You may not be who you think you are. Take a closer look. Part 1

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Status: Finished  |  Genre: Religion and Spirituality  |  House: Booksie Classic

Submitted: August 25, 2016

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Submitted: August 25, 2016



Did you know that you were perfectly designed by God? He drafted your blueprint with distinct characteristics, traits, gifts, and talents and stamped it on your spirit before you were even born. Unfortunately Satan succeeds at concealing our true identity when we are young. He uses an array of influences such as our family, culture, and maybe even the Church to wound and scar us. This not only stifles God’s original design, but we end up engraved with Satan’s trademark. We don’t realize that we’ve been altered because much of Satan’s work is either subtle or completely invisible. Today I want to start exposing some of his tactics.

If we grow up in an ungodly home or even a home where God is acknowledged but not obeyed or invited into our lives, Satan has free reign to do as he pleases. Since Satan wants to destroy us, he starts working to define and shape our identity. We end up with a false image of who we are, making it almost impossible to be who God created us to be and do what He created us to do. And by that, Satan has thwarted God’s plan for our lives.

A major weapon that Satan uses is the family. He may work through the father. A dad might treat his children poorly because he didn’t really want kids or they were “unplanned” or a “mistake.” Some will call their children degrading names, like dumb or stupid, or worse things. They’ll avoid their kids and restrict or refrain completely from giving affection to them. Some dads will criticize their kids for falling below perfect, like getting Bs on their report cards.

Satan can work through mothers in the same ways. Additionally, moms tend to spend more time with their children, so the impact may be greater. Also, moms may focus on their kids physical needs and neglect the emotional aspect. The relationship may lack intimacy or sharing of hearts, and the child’s need for love and acceptance is still not met.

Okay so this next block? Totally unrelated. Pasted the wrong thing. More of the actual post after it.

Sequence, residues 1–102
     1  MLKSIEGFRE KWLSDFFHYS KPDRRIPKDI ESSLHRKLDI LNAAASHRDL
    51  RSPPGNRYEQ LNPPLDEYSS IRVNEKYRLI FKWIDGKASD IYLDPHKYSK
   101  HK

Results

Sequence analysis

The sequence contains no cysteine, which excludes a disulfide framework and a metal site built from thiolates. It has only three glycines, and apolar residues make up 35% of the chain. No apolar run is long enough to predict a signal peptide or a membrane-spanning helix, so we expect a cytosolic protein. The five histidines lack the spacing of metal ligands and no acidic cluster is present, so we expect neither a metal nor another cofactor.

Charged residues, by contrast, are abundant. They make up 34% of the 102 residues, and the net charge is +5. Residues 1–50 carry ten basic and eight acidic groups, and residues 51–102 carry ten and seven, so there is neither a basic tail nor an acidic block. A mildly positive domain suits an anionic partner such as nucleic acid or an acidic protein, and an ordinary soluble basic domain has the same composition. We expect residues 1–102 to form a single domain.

Other family members can be used to negatively shape our self-image. Relatives can speak words of disapproval. We can feel forsaken by older siblings who move out while we are young. We especially look to older siblings for clues about who we are, and sometimes in an attempt to gain acceptance from them, we try to change and become who we think they want us to be.

In Genesis 1:26 “God said, let us make man in our image, after our likeness.” I was created in the image and likeness of God, but I didn’t know that. My understanding of self was defined by my dad’s rejection, my mom’s neglect, my brother’s abandonment, and my sister’s appraisals. In a home without God I grew up feeling worthless, and I saw myself as an unwanted burden. It’s okay, things have changed.

Next week I’ll be writing about how Satan can use the Church and our culture to negatively influence our self-portrait. In the meantime, I encourage you to ask the Holy Spirit to start showing you where your blueprint may have been distorted by your family. I want to caution you though. The topic of who we really are is very deep. And complicated. There are many layers, and like an onion God will slowly peel away at any lies you may have hidden in your heart about who you are. Lies you don’t even know are there. This can be painful. Yet God is gentle.

Here is an excerpt from my book, Original Design: Set Free to be Who God Created about this process:

“Your self-portrait has been pieced together from lies that you’ve accepted as truth. To correct your picture, you have to put the lies in a casket, close the lid, and bury the person you’ve always thought you were. Only then can you become your true self.

“Remember the prodigal son? When he came home, he was wearing filthy rags. Because of his time spent in the pig pen, he didn’t look like his father’s son. But when his father saw him, he ran out and put the best robe on him and a ring on his finger. These symbolized the father’s power, authority, and unconditional love. God has done the same for you, but in your eyes you still live in your trough-stained rags. Those mud-covered clothes can’t be worn in God’s kingdom, and you can’t wear a robe of righteousness over them. You have to take the rags off. This will require a paradigm shift. You need to see yourself as God sees you.”

“How do I do that?” I asked.

“The first steps are for you to understand and acknowledge that you are not who you think you are. You’re a fraud, and everything you know about yourself comes from a fraudulent perspective. That’s why you still wear the rags, because your beliefs about yourself are wrong.”

My mind spun. If I wasn’t who I thought I was, then who was I? I told Ed, “I want to see myself as God sees me, but I’m afraid I can’t.”

“That’s because your skewed picture is so familiar that it seems impossible to change. But in Mark 10:27, Jesus said, ‘With God all things are possible.’ Even so, this transformation won’t happen overnight. It’ll probably take years.”

More to come on this topic next week. Peace to you on your journey of self-discovery,


© Copyright 2018 Denise Buss. All rights reserved.

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